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June 04, 1927 - Image 8

Resource type:
Text
Publication:
The Michigan Daily, 1927-06-04

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THE MICHIGAN

DAILY

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SATURDAY, JUNE 4, 1927

DAILY OFII
Publication in the Bulletin is constru
the University. Copy received by the.
3:30 p. m. (11:30 a. m. Saturdays). C

1 BULLETIN'
uctive notice to all members of
Assistant to the President until
oDy must be typewritten.
E 4, 1927 NUWMER 179

VOLUME VII

SATURDAY, JUN]

Notice to Students Having Library Books:
Apparently the notice which appeared in the DAILY for May 29th has
been overlooked by a large number of students. All students having books
from the Library are hereby notified that under the rules of the Regents
such books must be returned before examinations begin. Failure so to re-
turn them necessarily deprives a student of his credits for the semester
until his record with the Library is cleared,
Win. W. Bishop, Librarian.
Fall Registration Information:
By action of the Board of Regents registration in the fall of 1927 has
been changed from the schedule as stated in last year's Bulletins and An-
nouncements of the University. The corrected dates are as follows:
Registration for Freshmen-September 12. (The activities
of Freshman week will continue throughout the week
September 12-19.)
Registration for Upper Classmen-Begins September 14.
Classes begin in all departments of the University on Mon-
day, September 19.
These dates supersede all previous announcements and should be care-
fully noted by all students and faculty members.
Ira ll. Smith, Registrar.
Summer Session Hours of Registration:
For the College of Literature, Science, and the Arts,-in the Recorder's
Office, University Hall, June 23 and 24, 9 to 12 A. M., and 2 to 4 P. M.; June
25 and 27, 9 to 12 A. M. and 2 to s P. M.. Ther.eafter 10 to 12 A. M. daily.
For the Colleges of Engineering and Architecture,-in West Engineering
Building, June 23, 24, 25 and 27, 8 to 12 and 2 to 5 P. M.
For the Medical School,-in the Medical Building, June 23, 24, 25 and
27, 9 to 12 A. M. and 2 to 4 P. M.
For the College of Pharmacy,-in the Chemistry and Pharmacy Building,
June 23, 24, 25, and 27, 9 to 19 A. M. and 2 to 5 P. M.
For the School of Education, including Hygiene and Public Health,
Physical Education, Public Health Nursing, and Athletic Coaching and Ad-
ministration,-in Tappan Hall, June 23, 24, 25, and 27, 9 to 12 A. M. and 2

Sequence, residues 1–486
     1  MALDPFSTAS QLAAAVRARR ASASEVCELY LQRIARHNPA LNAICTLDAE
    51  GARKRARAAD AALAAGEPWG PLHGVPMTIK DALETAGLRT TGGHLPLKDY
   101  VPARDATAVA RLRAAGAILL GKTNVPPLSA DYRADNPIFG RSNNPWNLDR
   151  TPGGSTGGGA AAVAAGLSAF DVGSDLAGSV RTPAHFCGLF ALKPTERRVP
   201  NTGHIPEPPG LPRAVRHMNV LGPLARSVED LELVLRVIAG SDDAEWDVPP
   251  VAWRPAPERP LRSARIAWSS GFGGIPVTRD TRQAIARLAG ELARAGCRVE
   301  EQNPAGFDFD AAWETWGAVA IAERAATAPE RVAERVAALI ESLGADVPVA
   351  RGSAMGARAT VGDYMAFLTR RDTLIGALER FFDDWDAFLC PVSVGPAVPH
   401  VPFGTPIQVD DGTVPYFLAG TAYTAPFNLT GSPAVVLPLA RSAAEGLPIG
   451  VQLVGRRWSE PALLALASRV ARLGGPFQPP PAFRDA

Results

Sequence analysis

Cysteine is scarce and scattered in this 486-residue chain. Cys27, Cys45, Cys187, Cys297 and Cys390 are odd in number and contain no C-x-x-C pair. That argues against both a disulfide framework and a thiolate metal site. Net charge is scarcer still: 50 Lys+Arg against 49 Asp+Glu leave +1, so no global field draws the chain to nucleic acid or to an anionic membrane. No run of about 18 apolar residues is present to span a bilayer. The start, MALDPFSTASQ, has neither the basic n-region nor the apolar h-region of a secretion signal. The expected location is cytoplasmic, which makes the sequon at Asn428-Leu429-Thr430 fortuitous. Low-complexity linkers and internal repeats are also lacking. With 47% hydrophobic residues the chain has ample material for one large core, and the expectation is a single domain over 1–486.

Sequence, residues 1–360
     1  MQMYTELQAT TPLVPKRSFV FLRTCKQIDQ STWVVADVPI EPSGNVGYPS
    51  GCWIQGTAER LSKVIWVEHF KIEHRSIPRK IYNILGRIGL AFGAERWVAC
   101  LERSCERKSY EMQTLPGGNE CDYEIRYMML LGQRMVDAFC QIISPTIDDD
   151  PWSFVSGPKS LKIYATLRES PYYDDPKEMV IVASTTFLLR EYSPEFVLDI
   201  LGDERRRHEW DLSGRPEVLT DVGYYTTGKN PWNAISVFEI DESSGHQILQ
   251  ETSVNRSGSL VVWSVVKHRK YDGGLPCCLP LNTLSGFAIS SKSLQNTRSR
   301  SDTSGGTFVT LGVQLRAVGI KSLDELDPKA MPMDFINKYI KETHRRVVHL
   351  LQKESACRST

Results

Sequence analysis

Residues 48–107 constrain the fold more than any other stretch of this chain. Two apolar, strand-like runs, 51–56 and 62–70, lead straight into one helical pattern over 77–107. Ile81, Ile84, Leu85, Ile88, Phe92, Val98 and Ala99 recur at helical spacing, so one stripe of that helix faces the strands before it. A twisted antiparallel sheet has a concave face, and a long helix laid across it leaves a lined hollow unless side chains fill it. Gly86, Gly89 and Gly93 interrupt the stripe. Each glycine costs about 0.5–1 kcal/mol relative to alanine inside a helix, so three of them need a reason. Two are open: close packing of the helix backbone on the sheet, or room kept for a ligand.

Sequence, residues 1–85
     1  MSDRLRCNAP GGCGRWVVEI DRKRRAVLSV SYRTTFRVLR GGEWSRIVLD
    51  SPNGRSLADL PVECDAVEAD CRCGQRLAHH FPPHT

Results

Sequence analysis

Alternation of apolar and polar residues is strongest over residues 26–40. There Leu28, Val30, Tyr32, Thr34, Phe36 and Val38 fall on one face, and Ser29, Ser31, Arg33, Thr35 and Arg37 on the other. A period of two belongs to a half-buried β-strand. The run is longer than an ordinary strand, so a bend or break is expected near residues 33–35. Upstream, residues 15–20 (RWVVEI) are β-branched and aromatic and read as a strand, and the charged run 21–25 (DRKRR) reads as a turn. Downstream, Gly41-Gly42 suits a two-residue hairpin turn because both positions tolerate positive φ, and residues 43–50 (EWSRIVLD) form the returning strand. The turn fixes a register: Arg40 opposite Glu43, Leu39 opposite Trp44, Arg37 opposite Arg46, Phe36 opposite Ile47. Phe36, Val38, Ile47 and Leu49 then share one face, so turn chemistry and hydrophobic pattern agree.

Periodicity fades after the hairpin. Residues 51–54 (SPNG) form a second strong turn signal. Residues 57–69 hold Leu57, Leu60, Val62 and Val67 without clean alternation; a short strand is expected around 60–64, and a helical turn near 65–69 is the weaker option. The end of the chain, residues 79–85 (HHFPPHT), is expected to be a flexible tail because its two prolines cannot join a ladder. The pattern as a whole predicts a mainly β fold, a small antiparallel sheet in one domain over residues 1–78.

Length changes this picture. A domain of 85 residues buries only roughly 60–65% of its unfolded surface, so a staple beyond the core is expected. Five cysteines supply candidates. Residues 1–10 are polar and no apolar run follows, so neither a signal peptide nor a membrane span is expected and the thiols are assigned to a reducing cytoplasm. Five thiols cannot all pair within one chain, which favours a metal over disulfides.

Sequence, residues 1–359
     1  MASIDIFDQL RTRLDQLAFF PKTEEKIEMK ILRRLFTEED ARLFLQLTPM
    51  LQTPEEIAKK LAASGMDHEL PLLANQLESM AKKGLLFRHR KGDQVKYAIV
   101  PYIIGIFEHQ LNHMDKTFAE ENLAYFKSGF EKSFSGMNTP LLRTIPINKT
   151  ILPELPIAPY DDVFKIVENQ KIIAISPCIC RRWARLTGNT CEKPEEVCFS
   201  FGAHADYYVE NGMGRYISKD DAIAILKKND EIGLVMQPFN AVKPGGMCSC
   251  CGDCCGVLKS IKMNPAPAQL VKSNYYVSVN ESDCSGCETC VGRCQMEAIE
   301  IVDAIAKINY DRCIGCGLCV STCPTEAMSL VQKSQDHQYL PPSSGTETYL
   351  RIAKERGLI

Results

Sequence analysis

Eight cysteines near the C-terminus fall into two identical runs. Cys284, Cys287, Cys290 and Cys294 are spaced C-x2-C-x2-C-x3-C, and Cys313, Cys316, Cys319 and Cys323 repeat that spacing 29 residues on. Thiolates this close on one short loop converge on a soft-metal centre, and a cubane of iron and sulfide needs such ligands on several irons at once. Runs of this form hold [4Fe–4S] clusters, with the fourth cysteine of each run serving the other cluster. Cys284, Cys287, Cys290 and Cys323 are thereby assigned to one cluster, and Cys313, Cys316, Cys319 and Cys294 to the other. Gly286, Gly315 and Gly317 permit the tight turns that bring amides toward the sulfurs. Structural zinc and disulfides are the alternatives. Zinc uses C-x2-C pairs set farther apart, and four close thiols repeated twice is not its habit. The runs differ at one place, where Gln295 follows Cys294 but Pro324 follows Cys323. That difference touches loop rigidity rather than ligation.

to 4 P. M.
For the Law School,-in the Law building, June 17, 18, and 20, 9 to 12
A. M. and 2 to 4 P. M.
For the School of Business Administration,-in Tappan Hall, June 23,
24. 25, and 27, 9 to 12 A. M. and 2 to 4 P. M.
For ths Graduate School,-in Angell Hall, June 23, 24, 25, and 27, 9 to
12 and 2 to 4 P. M.
Edward H. Kraus.
Plans For Baccalaureate and Commencment:
All who expect to take part in the exercises of Commencement week will
please take note of the following schedule in order that there will be as
little confusion as possible in carrying out the program:-Punctuality is
especially important as the processions will start on scheduled time.
BACCALUREATE-Sunday, June 19, 11:00 A. M.
WEATHER FAIR
TIME OF ASSEMBLY-10:15 A. M.
PLACES OF ASSEMBLY.
Members of the Faculties in the dressing rooms second and third floors
of Hill Auditorium where they may robe. Enter by rear doors.
Students of the various schools and colleges, as follows:
LITERATURE, SCIENCE AND THE ARTS on Main Diagonal walk
between Library and Engineering Buildings.
EDUCATION on walk North side of Physiology and Pharmacology
Building.
BuiENGINEERING on Main Diagonal walk in Engineering Court.
ARCHITECTURE on Main Diagonal walk in Engineering Arch (behind
Engineers).
MEDICAL on diagonal walk between Chemistry Building and Library.
NURSES on diagonal walk between Chemistry Buildig and Library
(behind Medics).
LAW on East and West walk, West of. the intersection in front of
Library.
PHARMACY on East and West walk, West of the intersection in front
of Library (behind Law).
DENTAL SURGERY on North and South walk in rear of North wing
of University Hall.
BUSINESS ADMINISTRATION on walk in front of Physiology and
Pharmacology Building.
GRADUATE on East and West walk West of Library entrance.
WEATHER RAINY
A sprinkle will, not be considered rainy. It must actually rain with no
prospect of clearing.
Students will proceed .directly to Hill Auditorium. Seats will be re-